5 Best Practices for Using the Web to Your Restaurant's Advantage
From food trucks to five-star dining, the Internet has the power to make or break a restaurant. Yet with the hustle and bustle required to run a successful restaurant, the last things on many owners’ minds at the end of the day are their websites and social media pages. Restaurant owners are responsible for every last detail of a customer’s in-house experience, from first impressions, quality of service, ingredients, and labor to the cost of food. Amidst these concerns, a restaurant’s web presence often gets “86-ed.”
Many restaurants have less-than-adequate websites or no web presence at all, but research shows a well-played online presence is a significant factor in a restaurant’s success. The marketplace is evolving, making it easier for customers as well as restaurant owners to use the web. To stay relevant and ensure your restaurant is in front of your customer base—from out-of-towners and vacationers to new local customers—you would be wise to embrace a few simple web strategies.
After working alongside many restaurant owners to boost their online buzz, I’ve produced a list of the five best practices for restaurant owners to easily stay in front of their ever-growing online audience:
- Get a Website. There is no excuse not to have a website. Really. Today’s user-friendly, free web tools cancel both technological barriers and budgetary concerns. These platforms make it easy to integrate your restaurant’s menu online, embed an OpenTable reservation form, and add just about any social features popular with customers. There’s no better time than now to get in front of your online audience. Your website serves as your digital business card and online window into your restaurant, enticing customers for a first visit or recurring visit.
- First Impressions. Stats show an initial visit to a website lasts a mere 8 seconds. Make a strong impact from your homepage by putting your most valuable content first. Keep designs clean and be sure the most important information pops. In a recent study from AIS Media, 89 percent of consumers said they research a restaurant online before making a decision to dine there. Know what your audience is looking for and design your homepage with an accurate visual representation of what customers will find when they ultimately walk through the door.
- Stay Current. You would never serve stale pasta or old ingredients to your customers, and the same should hold true for your online presence. The first place to start is with your online menu. Access to menus is one of the most popular reasons for visiting a restaurant’s website, yet a recent study from Restaurant Science found less than 40 percent of restaurants display a menu online. Whether you’re updating daily, weekly, monthly, or seasonally, an up-to-date menu is the surest way to tell a potential customer you’re paying attention. Remember, no one cares about the 2010 Valentine’s Day menu in March 2013.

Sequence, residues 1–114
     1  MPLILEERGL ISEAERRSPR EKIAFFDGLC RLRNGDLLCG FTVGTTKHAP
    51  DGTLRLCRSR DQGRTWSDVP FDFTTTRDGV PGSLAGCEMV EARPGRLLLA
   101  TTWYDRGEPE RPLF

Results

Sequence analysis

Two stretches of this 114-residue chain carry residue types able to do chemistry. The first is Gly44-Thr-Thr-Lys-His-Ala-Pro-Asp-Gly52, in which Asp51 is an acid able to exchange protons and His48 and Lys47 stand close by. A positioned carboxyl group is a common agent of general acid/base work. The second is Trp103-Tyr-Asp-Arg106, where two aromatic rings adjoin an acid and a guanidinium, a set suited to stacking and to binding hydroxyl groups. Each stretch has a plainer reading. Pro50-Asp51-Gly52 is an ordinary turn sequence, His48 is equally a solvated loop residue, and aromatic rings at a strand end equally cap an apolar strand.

- Go Social. “Going social” scares many restaurant owners in a digital age where every one of your customers has the potential to be an influential food critic. Fear not; this is nothing new. It used to be called “word of mouth.” Still, it has never been more important. New research from the University of California, Berkeley has found that an extra half-star rating on Yelp (from 3.5 to 4 stars) caused a restaurant's 7 p.m. bookings to sell out 30 percent to 49 percent of the evenings it was open for business. The key here is to understand the social channels you need the most, such as Twitter, Foursquare, Facebook, and Yelp. Then you have to build a consistent presence there. Whichever channels you decide to take up, monitor online review pages as well. If a customer conveys a poor experience, be transparent and join the conversation—invite them back to your restaurant with an incentive or simply apologize, just as you would do with a similar customer in-house.
- Go Mobile. According to findings from the Restaurant Science study mentioned, half of all visits to restaurant websites are from mobile devices, yet only 5 percent of restaurants have mobile-optimized websites. Even more intriguing, a recent study from Nielsen found that 87 percent of mobile users in the restaurant category planned to make a purchase that day. Wouldn’t it be nice to be in front of a purchase-ready audience? Opt for a platform that can be accessed on all mobile devices, such as HTML5. Many easy-to-use website creators are now offering free HTML5 platforms that can be viewed on any mobile device (such as iPads, iPhones, and Android and Windows devices).
The web is keeping up with the fast-paced world of the restaurant industry and making it easier than ever before. Don’t allow your online strategy to take a back seat. A restaurant’s online presence and reputation does in fact influence off-line success. As you do in your daily routine, engage your front-line service people, waiters, and counter staff. Have them politely listen and inquire with customers and shape your online presence based on feedback.
It’s time for restaurateurs to give their web presence the same strategic and tactical thought as they do to staffing, menu planning, and every other aspect of their day-to-day operations.